what are ping times like over seas? and WOW may us (1)

Joe The Dragon (967727) | more than 4 years ago | (#31634262)

what are ping times like over seas? and WOW may use to much bandwidth to be download big updates like that.

Re:what are ping times like over seas? and WOW may (0)

Anonymous Coward | more than 4 years ago | (#31637686)

700-900 ms for the well connected folks... 1200-1800 for those lesser connected folks. The question is just how many sat hops you end up doing before you are connected into the global internet.

I am a network administrator for overseas DoD Networks.

Re:How am I supposed to patch World of Warcraft?? (2, Interesting)

matchhead650 (1680550) | more than 4 years ago | (#31635588)

Personal computer are not allowed on government networks, and you will get caught installing unauthorized software on a government computer. There are plenty of other internet options in the desert though.

Re:How am I supposed to patch World of Warcraft?? (1)

Sloppy (14984) | more than 4 years ago | (#31633704)

Hey, if I'm paying taxes for people to play games on the Social Security mainframe, they damn well be updated games with the latest patches to detect botting. We don't want our civil servants to slack on the job, automatically accruing gold and experience points while they sit back and read a book or something. Earn those achievements, government, or the Tea Party will vote you out!!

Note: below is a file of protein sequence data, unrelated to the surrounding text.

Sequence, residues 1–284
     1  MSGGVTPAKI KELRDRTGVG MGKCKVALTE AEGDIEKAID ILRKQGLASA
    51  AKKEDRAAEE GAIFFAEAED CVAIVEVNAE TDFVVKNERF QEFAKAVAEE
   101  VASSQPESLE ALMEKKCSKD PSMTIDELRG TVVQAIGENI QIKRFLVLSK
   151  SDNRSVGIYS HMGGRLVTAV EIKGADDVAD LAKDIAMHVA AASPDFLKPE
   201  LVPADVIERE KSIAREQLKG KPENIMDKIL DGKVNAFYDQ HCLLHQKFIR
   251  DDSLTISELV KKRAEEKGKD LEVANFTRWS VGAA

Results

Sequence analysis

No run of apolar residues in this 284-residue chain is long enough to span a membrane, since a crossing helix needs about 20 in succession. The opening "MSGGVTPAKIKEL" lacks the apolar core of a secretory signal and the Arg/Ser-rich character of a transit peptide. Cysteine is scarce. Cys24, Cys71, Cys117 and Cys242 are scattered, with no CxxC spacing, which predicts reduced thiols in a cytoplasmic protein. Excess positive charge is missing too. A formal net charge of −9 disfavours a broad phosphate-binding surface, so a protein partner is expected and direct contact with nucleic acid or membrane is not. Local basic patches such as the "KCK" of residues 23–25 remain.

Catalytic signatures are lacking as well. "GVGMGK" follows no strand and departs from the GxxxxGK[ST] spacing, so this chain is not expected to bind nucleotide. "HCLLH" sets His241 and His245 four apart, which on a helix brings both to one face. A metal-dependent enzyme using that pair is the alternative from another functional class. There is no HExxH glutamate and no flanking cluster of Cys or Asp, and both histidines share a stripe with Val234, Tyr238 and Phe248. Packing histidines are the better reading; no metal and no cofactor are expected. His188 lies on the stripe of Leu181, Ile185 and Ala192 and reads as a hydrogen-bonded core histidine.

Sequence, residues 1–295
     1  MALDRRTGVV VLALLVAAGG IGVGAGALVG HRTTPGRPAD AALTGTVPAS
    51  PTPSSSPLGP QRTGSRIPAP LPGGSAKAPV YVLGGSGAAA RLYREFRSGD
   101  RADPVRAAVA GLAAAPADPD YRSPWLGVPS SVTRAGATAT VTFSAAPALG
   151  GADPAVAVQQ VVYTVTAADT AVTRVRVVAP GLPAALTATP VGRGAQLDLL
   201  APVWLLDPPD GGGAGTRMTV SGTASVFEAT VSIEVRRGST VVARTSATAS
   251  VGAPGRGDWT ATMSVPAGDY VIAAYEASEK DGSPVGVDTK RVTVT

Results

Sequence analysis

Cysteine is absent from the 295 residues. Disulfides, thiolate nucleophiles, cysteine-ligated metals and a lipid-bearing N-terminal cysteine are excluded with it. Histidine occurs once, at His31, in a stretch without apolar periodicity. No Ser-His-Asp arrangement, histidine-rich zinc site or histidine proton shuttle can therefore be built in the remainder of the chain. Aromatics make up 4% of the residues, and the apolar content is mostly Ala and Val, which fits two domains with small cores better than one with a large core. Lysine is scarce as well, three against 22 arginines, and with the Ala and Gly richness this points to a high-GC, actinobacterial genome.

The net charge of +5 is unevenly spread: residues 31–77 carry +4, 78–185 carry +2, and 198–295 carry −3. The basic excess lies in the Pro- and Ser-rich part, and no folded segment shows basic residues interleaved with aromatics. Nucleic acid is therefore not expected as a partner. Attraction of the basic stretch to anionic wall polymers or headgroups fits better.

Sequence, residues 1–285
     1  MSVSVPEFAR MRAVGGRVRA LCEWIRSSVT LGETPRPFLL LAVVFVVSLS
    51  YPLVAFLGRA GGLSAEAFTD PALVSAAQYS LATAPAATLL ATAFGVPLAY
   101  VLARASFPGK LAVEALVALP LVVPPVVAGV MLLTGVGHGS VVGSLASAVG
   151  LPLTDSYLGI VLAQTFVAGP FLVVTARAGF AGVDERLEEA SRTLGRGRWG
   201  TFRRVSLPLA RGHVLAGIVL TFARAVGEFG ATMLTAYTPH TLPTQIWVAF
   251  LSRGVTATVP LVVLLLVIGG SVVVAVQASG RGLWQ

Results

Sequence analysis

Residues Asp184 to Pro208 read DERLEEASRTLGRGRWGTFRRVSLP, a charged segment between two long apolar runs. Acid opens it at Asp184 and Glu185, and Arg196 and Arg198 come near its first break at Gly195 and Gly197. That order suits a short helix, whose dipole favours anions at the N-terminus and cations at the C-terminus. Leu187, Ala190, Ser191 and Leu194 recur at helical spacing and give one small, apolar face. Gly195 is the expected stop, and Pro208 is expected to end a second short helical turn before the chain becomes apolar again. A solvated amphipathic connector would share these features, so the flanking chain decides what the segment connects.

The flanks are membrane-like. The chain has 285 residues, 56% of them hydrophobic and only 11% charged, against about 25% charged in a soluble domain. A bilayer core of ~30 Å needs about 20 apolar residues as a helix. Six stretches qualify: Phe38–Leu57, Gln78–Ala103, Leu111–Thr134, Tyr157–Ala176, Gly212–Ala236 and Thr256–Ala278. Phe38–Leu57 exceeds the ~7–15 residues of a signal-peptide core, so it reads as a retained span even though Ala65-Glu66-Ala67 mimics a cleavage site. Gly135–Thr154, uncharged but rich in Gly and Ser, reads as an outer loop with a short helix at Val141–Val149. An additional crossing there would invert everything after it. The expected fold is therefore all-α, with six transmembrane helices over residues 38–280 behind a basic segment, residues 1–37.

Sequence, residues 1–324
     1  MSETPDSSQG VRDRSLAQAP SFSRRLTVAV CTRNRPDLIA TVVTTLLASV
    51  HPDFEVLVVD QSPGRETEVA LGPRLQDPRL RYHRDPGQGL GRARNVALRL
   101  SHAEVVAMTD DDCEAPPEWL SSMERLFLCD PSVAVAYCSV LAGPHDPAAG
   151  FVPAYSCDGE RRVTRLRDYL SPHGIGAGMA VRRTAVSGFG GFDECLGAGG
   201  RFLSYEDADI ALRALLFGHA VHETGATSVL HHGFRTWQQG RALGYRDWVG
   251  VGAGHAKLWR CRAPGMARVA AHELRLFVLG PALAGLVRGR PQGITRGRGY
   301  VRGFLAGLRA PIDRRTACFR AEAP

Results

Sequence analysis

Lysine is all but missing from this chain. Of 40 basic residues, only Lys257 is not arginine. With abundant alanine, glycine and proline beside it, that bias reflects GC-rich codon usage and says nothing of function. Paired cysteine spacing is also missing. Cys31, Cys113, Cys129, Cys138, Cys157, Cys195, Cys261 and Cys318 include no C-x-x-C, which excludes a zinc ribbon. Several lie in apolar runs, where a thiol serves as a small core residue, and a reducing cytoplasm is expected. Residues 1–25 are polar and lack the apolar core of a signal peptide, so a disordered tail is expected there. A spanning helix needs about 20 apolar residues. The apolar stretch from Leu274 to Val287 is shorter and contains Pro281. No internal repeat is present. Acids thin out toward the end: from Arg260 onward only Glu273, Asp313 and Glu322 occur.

Bad law (3, Interesting)

LordSnooty (853791) | more than 4 years ago | (#31632944)

Why is computing subject to such vague law-making, so often? Do other sectors suffer to such a degree? Presumably, government law-drafters will call on experts to clarify finer points. But this often doesn't seem to happen with computing law.

Re:Bad law (1, Insightful)

Anonymous Coward | more than 4 years ago | (#31633026)

Presumably, government law-drafters will call on experts to clarify finer points.

You spelled experts wrongs, its spelled lobbyists.

Re:Bad law (0)

Anonymous Coward | more than 4 years ago | (#31633116)

Why is computing subject to such vague law-making, so often? Do other sectors suffer to such a degree?

Absolutely. There is no sector of the law where somebody can't find a corner to hang all sorts of absurdity upon. That's why there is the legal code and the case law.

Perfectly reasonable (4, Insightful)

H0p313ss (811249) | more than 4 years ago | (#31632960)

If you read the bill it ONLY refers to OPEN-NETWORK p2p which they define as

The term ‘open-network’, with respect to software, means a network in which--
(A) access is granted freely, without limitation or restriction; or
(B) there are little or no security measures in place.

What part of this is unreasonable in any controlled environment? Can you think of any corporation that would allow such a thing?

I wouldn't even let my kids run such a thing.

N.B. This clearly does not cover things bittorrent since you have to explicitly publish individual files to it.

Re:Perfectly reasonable (0)

Anonymous Coward | more than 4 years ago | (#31633554)

Samba (SMB aka Microsoft Networking) qualifies as open-network by this definition.

Re:Perfectly reasonable (1)

H0p313ss (811249) | more than 4 years ago | (#31633904)

Samba (SMB aka Microsoft Networking) qualifies as open-network by this definition.

Samba can be secured. ANY unsecured distributed file system would qualify, any secured one would not.

Re:Perfectly reasonable (1)

mdmkolbe (944892) | more than 4 years ago | (#31633558)

This might be perfectly reasonable, but why does this have to be written into the law? Agency/Department rules seem like a more appropriate way to handle this.

Re:Perfectly reasonable (0)

Anonymous Coward | more than 4 years ago | (#31634646)